Park City is ‘in effect, a sanctuary city, I hope,’ candidate says |

Park City is ‘in effect, a sanctuary city, I hope,’ candidate says

Ed Parigian, a Park City Council candidate, outlined opinions about immigration during a forum on Tuesday. He said afterward the Park City Police Department should not assist federal immigration officials.
Tanzi Propst/Park Record

Ed Parigian, a Park City Council candidate, described Park City as “in effect, a sanctuary city, I hope” during a forum on Tuesday as he responded to a question regarding the upcoming decennial census.

The moderator of the Park City unit of the League of Women Voters-sponsored forum asked the candidates about the response rate of the census. Parigian provided the most notable of the responses as the other candidates mentioned ideas like wider publicity for the counting and the possibility of a coalition involving not-for-profit organizations.

Parigian made the comment regarding a sanctuary city as he described a concern that U.S. Immigration and Customs Enforcement agents may follow the census takers next year as people are counted.

In an interview afterward, Parigian explained he wants all residents to answer the census. That might not occur if an Immigration and Customs Enforcement agent is “metaphorically, right behind the tree” when someone answers the door for a census taker, Parigian said.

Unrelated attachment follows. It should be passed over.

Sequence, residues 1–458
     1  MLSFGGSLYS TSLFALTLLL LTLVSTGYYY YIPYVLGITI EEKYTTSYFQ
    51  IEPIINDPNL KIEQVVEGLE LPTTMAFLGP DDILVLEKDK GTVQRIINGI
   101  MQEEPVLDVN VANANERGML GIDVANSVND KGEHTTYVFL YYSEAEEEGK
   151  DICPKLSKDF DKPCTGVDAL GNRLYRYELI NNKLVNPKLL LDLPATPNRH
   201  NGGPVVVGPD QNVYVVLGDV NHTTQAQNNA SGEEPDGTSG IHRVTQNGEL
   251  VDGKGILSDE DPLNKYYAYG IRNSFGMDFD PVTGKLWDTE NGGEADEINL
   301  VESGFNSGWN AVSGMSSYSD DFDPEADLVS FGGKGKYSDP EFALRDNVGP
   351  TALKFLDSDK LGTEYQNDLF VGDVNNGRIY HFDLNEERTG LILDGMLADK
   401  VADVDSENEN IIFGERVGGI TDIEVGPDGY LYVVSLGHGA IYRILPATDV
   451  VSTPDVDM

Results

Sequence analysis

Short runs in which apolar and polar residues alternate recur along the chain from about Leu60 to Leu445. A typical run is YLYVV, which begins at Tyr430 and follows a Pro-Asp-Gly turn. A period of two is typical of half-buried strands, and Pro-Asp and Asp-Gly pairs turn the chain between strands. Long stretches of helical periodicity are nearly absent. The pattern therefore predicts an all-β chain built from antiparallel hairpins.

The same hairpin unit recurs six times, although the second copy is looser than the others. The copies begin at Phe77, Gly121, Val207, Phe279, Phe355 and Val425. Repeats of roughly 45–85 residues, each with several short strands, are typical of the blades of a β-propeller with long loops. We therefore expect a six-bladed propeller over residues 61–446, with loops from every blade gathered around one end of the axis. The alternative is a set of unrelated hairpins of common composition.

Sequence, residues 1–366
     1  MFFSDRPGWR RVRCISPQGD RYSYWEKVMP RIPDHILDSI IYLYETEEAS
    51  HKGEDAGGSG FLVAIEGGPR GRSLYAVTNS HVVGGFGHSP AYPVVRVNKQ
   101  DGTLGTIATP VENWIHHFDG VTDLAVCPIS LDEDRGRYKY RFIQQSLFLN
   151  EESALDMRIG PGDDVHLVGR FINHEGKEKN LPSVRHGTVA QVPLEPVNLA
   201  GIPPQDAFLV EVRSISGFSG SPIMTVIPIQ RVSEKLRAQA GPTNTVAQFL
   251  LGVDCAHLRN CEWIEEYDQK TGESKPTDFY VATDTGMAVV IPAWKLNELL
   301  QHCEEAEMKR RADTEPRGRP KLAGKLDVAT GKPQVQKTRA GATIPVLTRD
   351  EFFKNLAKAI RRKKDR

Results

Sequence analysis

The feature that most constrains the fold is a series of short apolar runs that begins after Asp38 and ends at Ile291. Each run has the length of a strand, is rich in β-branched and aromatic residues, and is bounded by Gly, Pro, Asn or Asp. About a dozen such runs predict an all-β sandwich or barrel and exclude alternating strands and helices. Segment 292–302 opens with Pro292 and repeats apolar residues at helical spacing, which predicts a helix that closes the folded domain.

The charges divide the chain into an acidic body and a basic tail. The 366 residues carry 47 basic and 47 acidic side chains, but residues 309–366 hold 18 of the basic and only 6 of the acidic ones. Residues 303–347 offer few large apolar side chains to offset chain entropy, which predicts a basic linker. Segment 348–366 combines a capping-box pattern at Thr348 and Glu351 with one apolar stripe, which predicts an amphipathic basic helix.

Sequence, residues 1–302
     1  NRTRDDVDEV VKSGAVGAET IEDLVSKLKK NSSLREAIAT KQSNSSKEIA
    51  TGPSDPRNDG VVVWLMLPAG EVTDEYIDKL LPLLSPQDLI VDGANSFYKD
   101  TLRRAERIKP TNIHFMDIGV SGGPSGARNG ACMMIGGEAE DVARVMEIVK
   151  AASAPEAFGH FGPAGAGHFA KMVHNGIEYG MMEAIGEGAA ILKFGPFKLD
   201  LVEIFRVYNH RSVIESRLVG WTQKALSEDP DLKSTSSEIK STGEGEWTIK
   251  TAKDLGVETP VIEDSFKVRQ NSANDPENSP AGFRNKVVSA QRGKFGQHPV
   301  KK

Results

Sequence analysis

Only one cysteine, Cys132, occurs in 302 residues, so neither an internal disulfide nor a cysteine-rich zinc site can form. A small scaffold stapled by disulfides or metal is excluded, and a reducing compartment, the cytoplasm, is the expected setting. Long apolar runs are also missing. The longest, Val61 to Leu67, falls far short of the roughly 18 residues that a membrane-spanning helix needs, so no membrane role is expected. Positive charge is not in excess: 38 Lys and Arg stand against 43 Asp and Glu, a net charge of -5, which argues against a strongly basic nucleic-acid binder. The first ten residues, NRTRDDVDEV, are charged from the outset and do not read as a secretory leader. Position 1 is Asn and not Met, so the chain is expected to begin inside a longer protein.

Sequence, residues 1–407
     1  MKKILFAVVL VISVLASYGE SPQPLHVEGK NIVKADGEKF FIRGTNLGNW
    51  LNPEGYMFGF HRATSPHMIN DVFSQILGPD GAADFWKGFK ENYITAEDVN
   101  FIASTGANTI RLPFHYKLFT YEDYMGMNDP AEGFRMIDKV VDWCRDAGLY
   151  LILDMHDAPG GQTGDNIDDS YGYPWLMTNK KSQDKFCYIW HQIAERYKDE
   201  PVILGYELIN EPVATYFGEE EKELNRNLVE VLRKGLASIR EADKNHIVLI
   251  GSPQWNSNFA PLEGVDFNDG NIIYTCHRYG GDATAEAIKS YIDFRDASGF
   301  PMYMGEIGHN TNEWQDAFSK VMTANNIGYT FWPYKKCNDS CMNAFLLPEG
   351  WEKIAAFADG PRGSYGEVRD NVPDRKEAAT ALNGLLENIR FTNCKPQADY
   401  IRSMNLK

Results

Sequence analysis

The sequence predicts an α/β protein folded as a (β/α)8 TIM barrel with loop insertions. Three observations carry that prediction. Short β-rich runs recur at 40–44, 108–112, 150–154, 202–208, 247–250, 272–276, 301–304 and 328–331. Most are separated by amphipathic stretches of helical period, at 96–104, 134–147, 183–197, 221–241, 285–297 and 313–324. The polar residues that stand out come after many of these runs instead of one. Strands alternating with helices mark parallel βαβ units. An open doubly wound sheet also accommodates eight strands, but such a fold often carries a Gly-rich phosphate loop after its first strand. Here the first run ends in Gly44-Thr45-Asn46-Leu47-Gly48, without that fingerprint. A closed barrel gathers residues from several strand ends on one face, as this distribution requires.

Parigian, more broadly, also said the Park City Police Department should not assist immigration officials.

“We won’t allow the federal authorities to use our law enforcement in any way, in any immigration enforcement way,” Parigian said in an interview, adding, “Park City law enforcement won’t cooperate with the federal authorities … to arrest people.”

He also said: “If ICE wants to arrest somebody, they would need to do it on their own.”

Parigian acknowledged, though, the Police Department and City Hall would cooperate with Immigration and Customs Enforcement if “there’s a serious crime, of course.”

The 2020 census has not received widespread publicity in Park City, but there is expected to be discussions at City Hall and elsewhere as the count nears. There has long been a concern that Latinos are undercounted during the census.

The census numbers are used for a wide range of functions, including, crucially, drawing congressional and legislative boundaries. Many government-funding formulas are also based on the census numbers.

Parigian’s comments were made shortly before the Park City Council is expected to consider signing the Utah Compact on Immigration, which covers issues like law enforcement and the federal nature of immigration policies. The elected officials could discuss the compact at a meeting in August.

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